A Devon based construction company has been fined after placing employees and members of the public at risk of serious injury by failing to suitably maintain their fleet of lorry mounted elevated work platforms (MEWP).
Following a fatal incident in Dawlish on 13 December 2014, a subsequent investigation by the Health and Safety Executive (HSE) found that the MEWP involved in the incident failed to automatically stop before overslewing, increasing the risk of vehicle overturn.
Exeter Crown Court heard that, prior to December 2014, there was an almost complete lack of a planned preventative maintenance systems at the company. The investigation also found that workers had not been given adequate information or instruction regarding how to use or maintain the machines or how to carry out pre-use checks. There is no suggestion that the failings of the company caused the fatal incident in Dawlish.
T J Smith Contracting Ltd of Pellew Arcade, Teign Street, Teignmouth was found guilty of breaching Regulation 2 (1) and 3 (1) of the Health and Safety at Work etc. Act 1974 and has been fined £60,000 and ordered to pay costs of £70,000.
Speaking after the hearing, HSE inspector Sue Adsett said: “Owners of high risk work equipment such as cherry pickers have a responsibility to ensure that they are safe. The manufacturers’ maintenance regime should be followed, rather than simply carrying out repairs when the machine breaks down.”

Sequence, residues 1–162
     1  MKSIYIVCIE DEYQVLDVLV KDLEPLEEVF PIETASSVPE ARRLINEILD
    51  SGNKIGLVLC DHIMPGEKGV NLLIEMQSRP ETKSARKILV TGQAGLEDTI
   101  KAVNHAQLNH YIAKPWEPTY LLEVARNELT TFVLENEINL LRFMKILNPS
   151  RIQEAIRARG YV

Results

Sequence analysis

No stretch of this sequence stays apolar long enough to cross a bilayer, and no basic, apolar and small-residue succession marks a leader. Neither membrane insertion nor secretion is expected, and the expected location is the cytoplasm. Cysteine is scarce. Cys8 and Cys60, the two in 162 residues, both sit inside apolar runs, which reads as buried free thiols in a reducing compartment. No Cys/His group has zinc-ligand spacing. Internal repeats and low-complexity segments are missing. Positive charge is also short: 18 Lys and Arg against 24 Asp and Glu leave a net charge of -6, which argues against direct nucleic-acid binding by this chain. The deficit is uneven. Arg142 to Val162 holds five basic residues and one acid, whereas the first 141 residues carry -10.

Notes to Editors:
- The Health and Safety Executive (HSE) is Britain’s national regulator for workplace health and safety. We prevent work-related death, injury and ill health through regulatory actions that range from influencing behaviours across whole industry sectors through to targeted interventions on individual businesses. These activities are supported by globally recognised scientific expertise. www.hse.gov.uk
- More about the legislation referred to in this case can be found at: www.legislation.gov.uk/
- HSE news releases are available at http://press.hse.gov.uk
- The machine should automatically have stopped itself from rotating more than 180 degrees because only half of the stabilising legs were deployed. However, it ‘overslewed’ i.e. rotated further than it should have done, became unstable, and then overturned.
- Further information about safe techniques can be found at: http://www.hse.gov.uk/construction/safetytopics/mewp.htm
- New industry guidance on “Managing the safe condition of MEWPs” can be found at: https://www.cpa.uk.net/sfpsq/#MEWPs